October 2007 >
Study: Acupuncture Works
for Back Pain
Study: Acupuncture Works for Back Pain
By Carla K. Johnson
CHICAGO (AP) — Fake acupuncture works nearly as well as the real thing
for low back pain, and either kind performs much better than usual care,
German researchers have found. Almost half the patients treated with
acupuncture needles felt relief that lasted months. In contrast, only
about a quarter of the patients receiving medications and other Western
medical treatments felt better.
Even fake acupuncture worked better than conventional care, leading
researchers to wonder whether pain relief came from the body's reactions
to any thin needle pricks or, possibly, the placebo effect.
"Acupuncture represents a highly promising and effective treatment
option for chronic back pain," study co-author Dr. Heinz Endres of Ruhr
University Bochum in Bochum, Germany, said in an e-mail. "Patients
experienced not only reduced pain intensity, but also reported
improvements in the disability that often results from back pain and
therefore in their quality of life."
Although the study was not designed to determine how acupuncture works,
Endres said, its findings are in line with a theory that pain messages
to the brain can be blocked by competing stimuli.
Positive expectations the patients held about acupuncture — or negative
expectations about conventional medicine — also could have led to a
placebo effect and explain the findings, he said.
In the largest experiment on acupuncture for back pain to date, more
than 1,100 patients were randomly assigned to receive either
acupuncture, sham acupuncture or conventional therapy. For the sham
acupuncture, needles were inserted, but not as deeply as for the real
thing. The sham acupuncture also did not insert needles in traditional
acupuncture points on the body and the needles were not manually moved
After six months, patients answered questions about pain and functional
ability and their scores determined how well each of the therapies
In the real acupuncture group, 47 percent of patients improved. In the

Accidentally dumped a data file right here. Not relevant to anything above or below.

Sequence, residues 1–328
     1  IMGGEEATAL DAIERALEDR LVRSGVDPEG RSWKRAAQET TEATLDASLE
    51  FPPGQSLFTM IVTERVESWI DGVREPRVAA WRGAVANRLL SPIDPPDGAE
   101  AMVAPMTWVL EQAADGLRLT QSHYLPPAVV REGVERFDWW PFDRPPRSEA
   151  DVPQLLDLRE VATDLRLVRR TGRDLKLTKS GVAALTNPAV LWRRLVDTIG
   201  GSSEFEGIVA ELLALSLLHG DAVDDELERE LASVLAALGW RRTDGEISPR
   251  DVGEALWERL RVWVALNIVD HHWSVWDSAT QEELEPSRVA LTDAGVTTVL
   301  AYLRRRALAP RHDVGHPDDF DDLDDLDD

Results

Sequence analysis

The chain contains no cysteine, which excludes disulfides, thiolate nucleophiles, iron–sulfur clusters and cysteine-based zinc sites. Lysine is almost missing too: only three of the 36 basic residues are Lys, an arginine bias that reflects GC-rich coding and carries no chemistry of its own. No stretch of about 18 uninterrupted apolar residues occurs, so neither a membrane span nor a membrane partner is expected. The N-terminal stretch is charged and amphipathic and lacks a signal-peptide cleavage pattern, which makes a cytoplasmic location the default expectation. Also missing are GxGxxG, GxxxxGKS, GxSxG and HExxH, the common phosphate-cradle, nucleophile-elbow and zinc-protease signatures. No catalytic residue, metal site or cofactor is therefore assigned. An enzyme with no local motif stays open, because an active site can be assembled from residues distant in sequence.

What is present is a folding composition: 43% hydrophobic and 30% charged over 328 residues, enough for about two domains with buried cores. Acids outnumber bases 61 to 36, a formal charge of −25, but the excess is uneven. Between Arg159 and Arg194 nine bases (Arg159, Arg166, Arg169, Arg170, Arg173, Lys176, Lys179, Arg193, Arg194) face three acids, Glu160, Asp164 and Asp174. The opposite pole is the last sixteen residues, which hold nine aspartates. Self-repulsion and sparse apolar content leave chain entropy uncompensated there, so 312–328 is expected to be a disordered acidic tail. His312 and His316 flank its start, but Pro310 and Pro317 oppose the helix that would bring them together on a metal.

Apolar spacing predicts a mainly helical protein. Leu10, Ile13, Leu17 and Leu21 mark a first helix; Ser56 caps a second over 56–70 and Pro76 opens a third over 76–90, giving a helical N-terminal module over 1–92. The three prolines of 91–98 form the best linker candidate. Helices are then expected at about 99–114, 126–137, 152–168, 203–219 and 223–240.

sham acupuncture group, 44 percent did. In the usual care group, 27
percent got relief.
"We don't understand the mechanisms of these so-called alternative
treatments, but that doesn't mean they don't work," said Dr. James Young
of Chicago's Rush University Medical Center, who wasn't involved in the
research. Young often treats low back pain with acupuncture, combined
with exercises and stretches.
Chinese medicine holds that there are hundreds of points on the body
that link to invisible pathways for the body's vital energy, or qi. The
theory goes that stimulating the correct points with acupuncture needles
can release blocked qi.
Dr. Brian Berman, the University of Maryland's director of complementary
medicine, said the real and the sham acupuncture may have worked for
reasons that can be explained in Western terms: by changing the way the
brain processes pain signals or by releasing natural painkillers in the
In the study, the conventional treatment included many methods:
painkillers, injections, physical therapy, massage, heat therapy or
other treatments. Like the acupuncture patients, the patients getting
usual care received about 10 sessions of 30 minutes each.
The study, appearing in Monday's Archives of Internal Medicine, used a
broad definition for low back pain, but ruled out people with back pain
caused by spinal fractures, tumors, scoliosis and pregnancy.
Funding came from German health insurance companies, and the findings
already have led to more coverage in Germany of acupuncture.